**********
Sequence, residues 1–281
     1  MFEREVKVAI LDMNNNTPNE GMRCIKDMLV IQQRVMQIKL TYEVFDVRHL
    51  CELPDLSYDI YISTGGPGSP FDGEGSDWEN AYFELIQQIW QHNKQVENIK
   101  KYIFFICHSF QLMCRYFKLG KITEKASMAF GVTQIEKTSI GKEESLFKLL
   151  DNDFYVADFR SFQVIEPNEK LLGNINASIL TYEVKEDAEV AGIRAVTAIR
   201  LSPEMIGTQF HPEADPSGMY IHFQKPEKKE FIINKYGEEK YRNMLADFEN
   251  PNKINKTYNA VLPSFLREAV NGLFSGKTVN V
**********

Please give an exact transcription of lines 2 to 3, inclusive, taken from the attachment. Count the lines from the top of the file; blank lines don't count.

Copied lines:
     1  MFEREVKVAI LDMNNNTPNE GMRCIKDMLV IQQRVMQIKL TYEVFDVRHL
    51  CELPDLSYDI YISTGGPGSP FDGEGSDWEN AYFELIQQIW QHNKQVENIK